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underwater Wi-Fi network
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underwater  Wi-Fi network



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Now that's SURFING the web! Scientists test underwater Wi-Fi network that can detect tsunamis, search for oil and monitor sealife

Researchers successfully sent data on an underwater network in Lake Erie
System uses sound waves to communicate like those used by dolphins
The team hope to use the technology to create a 'deep-sea internet'
It could send data from the ocean bed to predict tsunamis, for example

By Victoria Woollaston

Published: 18 October 2013 | Updated: 17:59 GMT, 18 October 2013

In a move that adds new meaning to the term surfing the web, researchers are working on creating a 'deep-sea internet'.

A team of scientists from New York have already successfully experimented sending data below the surface in Lake Erie, and are now hoping to create an industry standard for underwater communications in the world's seas and oceans.

The technology could be used to send data between submarines, for example, collect and send data from the sea floor to help detect tsunamis and other disasters sooner, as well as monitor fish and mammal numbers.

Other examples given by the team, led by Tommaso Melodia, associate professor of electrical engineering at the University of Buffalo, include offshore oil and natural gas exploration, surveillance, pollution monitoring and more.

'A submerged wireless network will give us an unprecedented ability to collect and analyse data from our oceans in real time,' said Melodia.

'Making this information available to anyone with a smartphone or computer, especially when a tsunami or other type of disaster occurs, could help save lives.'

Traditional networks, used on land, use radio waves to send data through satellites and antennae.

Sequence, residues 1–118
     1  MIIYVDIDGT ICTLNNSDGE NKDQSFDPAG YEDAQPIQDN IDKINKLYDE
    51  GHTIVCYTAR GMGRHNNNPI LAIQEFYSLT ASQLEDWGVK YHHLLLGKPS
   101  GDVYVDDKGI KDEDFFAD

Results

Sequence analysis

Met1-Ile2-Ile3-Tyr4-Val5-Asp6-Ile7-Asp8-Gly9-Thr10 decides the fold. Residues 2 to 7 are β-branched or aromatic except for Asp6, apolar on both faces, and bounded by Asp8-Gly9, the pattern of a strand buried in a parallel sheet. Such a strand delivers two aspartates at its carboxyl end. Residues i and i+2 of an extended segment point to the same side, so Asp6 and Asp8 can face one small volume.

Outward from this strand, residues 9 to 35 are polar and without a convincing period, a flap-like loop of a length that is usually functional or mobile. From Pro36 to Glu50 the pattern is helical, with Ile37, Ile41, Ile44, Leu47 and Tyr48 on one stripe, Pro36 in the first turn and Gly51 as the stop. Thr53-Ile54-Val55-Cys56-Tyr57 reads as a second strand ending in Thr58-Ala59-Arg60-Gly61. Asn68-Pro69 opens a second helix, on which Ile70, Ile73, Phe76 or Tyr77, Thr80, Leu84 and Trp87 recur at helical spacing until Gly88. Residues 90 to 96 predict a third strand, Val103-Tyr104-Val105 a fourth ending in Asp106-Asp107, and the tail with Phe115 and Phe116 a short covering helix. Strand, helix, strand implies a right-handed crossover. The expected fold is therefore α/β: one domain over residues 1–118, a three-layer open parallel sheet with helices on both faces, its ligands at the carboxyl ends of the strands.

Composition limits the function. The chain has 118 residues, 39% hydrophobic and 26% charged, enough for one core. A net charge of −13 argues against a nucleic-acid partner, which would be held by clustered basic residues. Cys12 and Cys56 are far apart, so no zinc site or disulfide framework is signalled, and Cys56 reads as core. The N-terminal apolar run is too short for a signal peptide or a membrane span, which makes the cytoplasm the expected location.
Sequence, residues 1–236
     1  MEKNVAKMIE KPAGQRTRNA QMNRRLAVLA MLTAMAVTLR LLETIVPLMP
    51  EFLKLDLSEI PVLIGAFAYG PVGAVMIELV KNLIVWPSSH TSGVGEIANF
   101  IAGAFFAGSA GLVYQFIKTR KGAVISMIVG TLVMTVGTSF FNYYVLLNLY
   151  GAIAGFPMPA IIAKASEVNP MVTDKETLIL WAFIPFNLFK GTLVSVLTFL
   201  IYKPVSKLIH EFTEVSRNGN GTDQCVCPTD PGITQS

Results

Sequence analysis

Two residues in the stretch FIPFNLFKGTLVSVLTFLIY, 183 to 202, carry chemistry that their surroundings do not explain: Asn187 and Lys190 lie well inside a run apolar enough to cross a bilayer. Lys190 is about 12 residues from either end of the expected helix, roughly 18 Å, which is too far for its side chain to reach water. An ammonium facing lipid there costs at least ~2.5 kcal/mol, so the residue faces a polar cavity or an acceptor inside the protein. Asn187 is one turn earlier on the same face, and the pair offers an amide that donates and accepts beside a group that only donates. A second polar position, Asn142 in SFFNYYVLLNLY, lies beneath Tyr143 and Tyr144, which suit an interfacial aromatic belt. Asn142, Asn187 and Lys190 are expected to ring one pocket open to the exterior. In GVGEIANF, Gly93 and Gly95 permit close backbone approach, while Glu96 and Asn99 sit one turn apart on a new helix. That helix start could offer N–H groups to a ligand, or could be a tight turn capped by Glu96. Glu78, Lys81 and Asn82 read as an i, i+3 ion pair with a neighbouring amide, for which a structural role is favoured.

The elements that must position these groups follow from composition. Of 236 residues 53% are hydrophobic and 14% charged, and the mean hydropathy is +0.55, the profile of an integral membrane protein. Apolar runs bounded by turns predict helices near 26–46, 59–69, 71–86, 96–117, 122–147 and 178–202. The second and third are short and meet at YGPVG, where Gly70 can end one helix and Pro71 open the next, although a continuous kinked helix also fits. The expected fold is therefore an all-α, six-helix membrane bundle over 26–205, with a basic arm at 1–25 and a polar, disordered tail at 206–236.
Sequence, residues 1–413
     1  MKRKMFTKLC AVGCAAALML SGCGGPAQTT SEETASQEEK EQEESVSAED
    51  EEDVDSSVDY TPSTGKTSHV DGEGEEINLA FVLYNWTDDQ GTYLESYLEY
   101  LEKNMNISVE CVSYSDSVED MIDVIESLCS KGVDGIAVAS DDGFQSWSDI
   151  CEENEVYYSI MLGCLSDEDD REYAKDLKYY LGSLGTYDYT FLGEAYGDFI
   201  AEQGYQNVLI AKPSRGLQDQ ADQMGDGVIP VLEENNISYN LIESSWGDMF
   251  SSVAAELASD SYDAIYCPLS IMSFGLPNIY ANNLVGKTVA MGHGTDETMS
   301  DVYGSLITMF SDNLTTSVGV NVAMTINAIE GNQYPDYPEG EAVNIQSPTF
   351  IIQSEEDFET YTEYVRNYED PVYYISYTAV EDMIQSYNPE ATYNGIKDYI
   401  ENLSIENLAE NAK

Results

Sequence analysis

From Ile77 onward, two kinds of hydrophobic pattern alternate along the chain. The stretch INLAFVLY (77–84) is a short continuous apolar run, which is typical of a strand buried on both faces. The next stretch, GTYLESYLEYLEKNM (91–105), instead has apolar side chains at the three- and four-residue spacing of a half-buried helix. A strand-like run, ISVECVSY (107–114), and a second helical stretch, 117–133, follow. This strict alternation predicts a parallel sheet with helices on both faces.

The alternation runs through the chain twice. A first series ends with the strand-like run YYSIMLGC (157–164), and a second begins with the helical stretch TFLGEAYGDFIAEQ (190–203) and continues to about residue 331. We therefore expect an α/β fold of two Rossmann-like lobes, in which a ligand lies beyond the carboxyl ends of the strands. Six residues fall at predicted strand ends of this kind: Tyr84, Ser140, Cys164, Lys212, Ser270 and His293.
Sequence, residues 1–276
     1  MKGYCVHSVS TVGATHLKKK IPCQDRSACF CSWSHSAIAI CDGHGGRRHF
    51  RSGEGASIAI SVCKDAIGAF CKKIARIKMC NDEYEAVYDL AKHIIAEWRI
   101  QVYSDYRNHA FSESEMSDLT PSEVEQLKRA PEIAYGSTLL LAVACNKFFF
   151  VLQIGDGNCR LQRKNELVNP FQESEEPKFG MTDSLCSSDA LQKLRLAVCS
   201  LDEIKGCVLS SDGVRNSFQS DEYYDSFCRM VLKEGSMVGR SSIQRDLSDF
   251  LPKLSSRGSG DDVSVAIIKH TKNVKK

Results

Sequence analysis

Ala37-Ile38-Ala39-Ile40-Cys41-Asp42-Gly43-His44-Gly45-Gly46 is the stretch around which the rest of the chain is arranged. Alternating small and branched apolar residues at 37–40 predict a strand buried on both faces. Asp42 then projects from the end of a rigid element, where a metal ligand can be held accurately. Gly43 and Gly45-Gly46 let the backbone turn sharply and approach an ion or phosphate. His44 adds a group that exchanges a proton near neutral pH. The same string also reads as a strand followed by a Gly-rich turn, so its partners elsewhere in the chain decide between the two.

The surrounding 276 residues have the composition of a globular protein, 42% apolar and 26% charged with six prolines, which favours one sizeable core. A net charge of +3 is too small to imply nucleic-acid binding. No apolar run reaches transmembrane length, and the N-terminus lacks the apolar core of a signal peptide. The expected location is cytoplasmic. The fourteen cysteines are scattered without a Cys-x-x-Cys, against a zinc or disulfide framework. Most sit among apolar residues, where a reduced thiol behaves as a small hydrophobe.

Radio waves have a weak range underwater so agencies such as the Navy and National Oceanic and Atmospheric Administration (NOAA) use sound wave-based methods to communicate underwater.

For example, NOAA relies on acoustic waves to send data from tsunami sensors on the sea floor to surface buoys.
The buoys convert the acoustic waves into radio waves to send the data to a satellite, which then redirects the radio waves back to land-based computers - a slow and lengthy process.

Melodia's system would solve this problem by sending data between a network of underwater sensors to laptops, smartphones and other wireless devices in real-time using sound waves.

Melodia recently tested the system in Lake Erie by dropping two, 40lb sensors into the water.

Reserachers Hovannes Kulhandjian and Zahed Hossain typed a command into a laptop that was transmitted to the sensors.

A series of high-pitched chirps bounced off a nearby concrete wall seconds later, indicating that the command had been received by the sensors and activated the sound from the sensor.

A deep-sea internet could, for example, join networks of buoys together that can detect tsunamis quicker and more reliably than current methods, said Melodia.

It could also be used by the energy industry to search for underwater oil and natural gas.

'We could even use it to monitor fish and marine mammals, and find out how to best protect them from shipping traffic and other dangers,' Melodia continued.

'An internet underwater has so many possibilities.'

Melodia's work is detailed in the The Internet Underwater:  An IP-compatible Protocol Stack for Commercial Undersea Modems paper being presented at the annual International Conference on Underwater Networks & Systems in Taiwan in November.






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A team of scientists from New York have begun testing an underwater Wi-Fi network. . Electrical Engineering students including Hovannes Kulhandjia, pictured, have already successfully experimented sending data below the surface in Lake Erie, pictured. .



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www.dailymail.co.uk/sciencetech/article-2465824/Scientists-test-underwater-Wi-Fi-network-detect-tsunamis-search-oil-monitor-sealife.html

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Traditional networks, used on land, use radio waves to send data through satellites and antennae.

Radio waves have a weak range underwater so agencies such as the Navy and National Oceanic and Atmospheric Administration (NOAA) use sound wave-based methods to communicate underwater.

Melodia's system sends commands and data from a laptop to two 40lb sensors placed on the sea bed.

These commands are converted into sound waves that transmit data back to laptops and other wireless devices in real-time.

Read more: www.dailymail.co.uk/sciencetech/article-2465824/Scientists-test-underwater-Wi-Fi-network-detect-tsunamis-search-oil-monitor-sealife.html
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Interesting! Though I think army has already tested such an approach years ago.
I wonder if there remain at least some places or territories without Internet on Earth in the next hundred years period.



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